Mohammad Jawad is one of two juveniles captured in the war in Afghanistan to face charges before military commissions at Guantanamo Bay, Cuba. Mohammad Jawad is charged with attempted murder stemming from a hand-grenade attack forces in Kabul, Afghanistan on December 17, 2002 in which two U.S. special forces soldiers and their Afghan interpreter were injured. Charges were referred to trial by the Convening Authority (the senior official in the military commissions) in January 2008. Since that time, significant new evidence has come to light casting doubt on Mr. Jawad's involvement in the attack. Additionally, significant evidence has come to light about the torture and abuse Mr. Jawad has suffered during his detention at Bagram Prison and Guantanamo Bay over the last 5 years and 8 months.

The charges against Mr. Jawad are unsupported under international law. Charging a child soldier with war crimes is unprecedented in modern history. The military judge has ordered the Convening Authority to reconsider her decision to refer the charges to trial and has afforded the defense an opportunity to submit written matters to the Convening Authority for her consideration. This petition drive and an associated letter-writing campaign are part of the defense efforts to persuade the Convening Authority to drop the charges. Thank you for your support.
The good folks at Cageprisoners.com have posted a sample letter with talking points on the case. Did you know, for instance...
Significant doubt exists about Mohammad Jawad’s role in the grenade attack of December 17, 2007:
· Afghan Interior Minister Taj Wardak publicly stated in a press conference on December 18, 2008 that three men were arrested, one teenager and two adults, in connection with the attack, and all three men had confessed their role. Only one hand grenade was thrown.

· Contemporaneous press accounts and military incident reports all indicate there were multiple perpetrators involved in the attack, and that more than one person was arrested.

· The adult perpetrators of the attack are not in U.S. custody and have not been brought to justice for their role in the attack.

· According to Mohammad Jawad, he was forcibly drugged for weeks prior to the attack including on the day of the attack. Several officials involved in interrogating Mohammad Jawad after the attack, both Afghani and American, observed that he appeared to be under the influence of drugs or going through withdrawal from drugs.

· The case against Mohammad Jawad relies almost entirely on a “confession” purportedly taken from Mohammad Jawad by Afghan authorities on December 17, 2002. According to Mohammad Jawad, he was subjected to both physical abuse and coerced by threats while in Afghan police custody. The confession itself was not written by Mohammad Jawad, who was functionally illiterate, and bears only his thumbprint. The confession is not even written in Mohammad Jawad’s native language of Pashto. Virtually all of the independently verifiable facts in the so-called confession are demonstrably false....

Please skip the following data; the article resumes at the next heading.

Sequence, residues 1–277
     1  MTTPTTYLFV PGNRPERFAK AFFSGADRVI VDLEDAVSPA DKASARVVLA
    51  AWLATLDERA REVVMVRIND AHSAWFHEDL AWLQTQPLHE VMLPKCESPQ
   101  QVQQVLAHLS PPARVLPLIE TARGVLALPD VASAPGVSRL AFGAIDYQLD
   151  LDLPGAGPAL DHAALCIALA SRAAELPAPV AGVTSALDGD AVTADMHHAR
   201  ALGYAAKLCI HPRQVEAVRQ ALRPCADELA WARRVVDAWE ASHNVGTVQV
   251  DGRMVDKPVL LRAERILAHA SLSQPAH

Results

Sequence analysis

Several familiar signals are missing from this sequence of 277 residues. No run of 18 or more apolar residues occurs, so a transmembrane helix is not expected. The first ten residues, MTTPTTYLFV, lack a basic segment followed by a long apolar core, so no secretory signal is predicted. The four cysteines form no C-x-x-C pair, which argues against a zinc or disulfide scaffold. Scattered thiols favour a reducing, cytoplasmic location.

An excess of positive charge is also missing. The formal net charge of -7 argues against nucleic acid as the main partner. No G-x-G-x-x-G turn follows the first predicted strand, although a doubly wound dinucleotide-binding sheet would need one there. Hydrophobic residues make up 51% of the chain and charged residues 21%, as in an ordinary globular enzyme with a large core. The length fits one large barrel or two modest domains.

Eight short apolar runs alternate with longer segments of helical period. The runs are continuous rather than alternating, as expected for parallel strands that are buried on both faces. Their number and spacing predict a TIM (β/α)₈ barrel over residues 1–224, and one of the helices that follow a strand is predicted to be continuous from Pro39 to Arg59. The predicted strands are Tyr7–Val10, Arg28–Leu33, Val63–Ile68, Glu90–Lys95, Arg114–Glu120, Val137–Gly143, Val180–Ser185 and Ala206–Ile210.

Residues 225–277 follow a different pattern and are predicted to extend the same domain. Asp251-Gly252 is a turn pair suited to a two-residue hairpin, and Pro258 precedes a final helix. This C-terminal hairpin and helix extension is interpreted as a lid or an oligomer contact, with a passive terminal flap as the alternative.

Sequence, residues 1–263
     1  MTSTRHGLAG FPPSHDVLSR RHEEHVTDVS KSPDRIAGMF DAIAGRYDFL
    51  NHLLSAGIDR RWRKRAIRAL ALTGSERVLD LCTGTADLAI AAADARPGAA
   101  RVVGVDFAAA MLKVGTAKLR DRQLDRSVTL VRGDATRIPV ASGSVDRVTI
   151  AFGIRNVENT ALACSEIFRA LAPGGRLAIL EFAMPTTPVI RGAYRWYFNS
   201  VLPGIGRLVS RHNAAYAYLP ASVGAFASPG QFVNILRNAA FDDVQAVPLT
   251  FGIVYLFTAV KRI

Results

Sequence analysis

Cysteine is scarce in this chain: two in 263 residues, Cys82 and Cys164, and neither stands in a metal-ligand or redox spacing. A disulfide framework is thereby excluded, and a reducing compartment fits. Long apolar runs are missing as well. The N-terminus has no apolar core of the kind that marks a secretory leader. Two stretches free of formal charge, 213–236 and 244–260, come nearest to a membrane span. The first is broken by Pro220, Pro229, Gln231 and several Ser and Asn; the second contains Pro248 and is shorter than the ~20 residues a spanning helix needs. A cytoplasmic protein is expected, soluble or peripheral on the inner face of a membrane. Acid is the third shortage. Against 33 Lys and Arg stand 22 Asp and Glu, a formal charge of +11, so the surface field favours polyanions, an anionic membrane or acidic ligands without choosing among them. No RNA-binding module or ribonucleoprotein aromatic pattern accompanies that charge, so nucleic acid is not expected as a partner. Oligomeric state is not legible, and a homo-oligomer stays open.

· Mohammad Jawad has been interrogated approximately 36 times at Guantanamo. In all of these interrogation sessions, he has never admitted throwing the hand grenade and has affirmatively and adamantly denied it, despite the use of illegal “enhanced interrogation techniques” on Mohammad Jawad, the same techniques which have broken hardened terrorists. Some of the interrogators and even the Combatant Status Review Tribunal have expressed doubt as to whether he threw the hand grenade.

· Mohammad Jawad is the only person charged under the MCA who is not even alleged to have any affiliation with al Qaida or the Taliban.

· No one died in the attack allegedly perpetrated by Mohammad Jawad. The injuries sustained by the two Special Forces soldiers in the attack, while painful, were not life-threatening. Both soldiers have been fully rehabilitated. One is back on active duty with the military and the other is a police officer in California. The Afghan interpreter received a humanitarian visa to the United States and has resettled permanently in Virginia.

· Significant doubt exists over whether the commission has jurisdiction over the alleged offense of Mohammad Jawad. Hand grenades are lawful weapons and uniformed soldiers in a combat zone are lawful military targets. Mohammad Jawad’s alleged actions are not a violation of the law of war. Even if we assume that he did throw the hand grenade, and was able to form the specific intent to kill the U.S. soldiers, this constitutes the domestic crime of attempted murder, it does not constitute the offense of attempted murder in violation of the law of war.
Mohammad Jawad is a human being -- on the battlefield, a mere teenager kidnapped and forced to fight for an Afghan militia. He has suffered tremendously. You can do something about it. It only takes a minute to sign a petition. You'll rarely have a chance to make so much difference with one minute of your time. Hopefully, you'll be inspired to email the petition link or this article to someone else.

A young man's life, swept up in the chaos and drama of a conflict half a world away, a man who is no terrorist or killer, stands in the balance. On the other side stands the Bush Administration's jerry-rigged, unfair military tribunal system, and its gulag of prisons, adept in the administration of psychological torture, built to extend the dictatorial reach of the President of the United States over every spot in the world.

Drop the charges and release Mohammad Jawad. Close down Guantanamo and the CIA secret prison system. Stop the torture and abuse of detainees.

(Also posted at Invictus)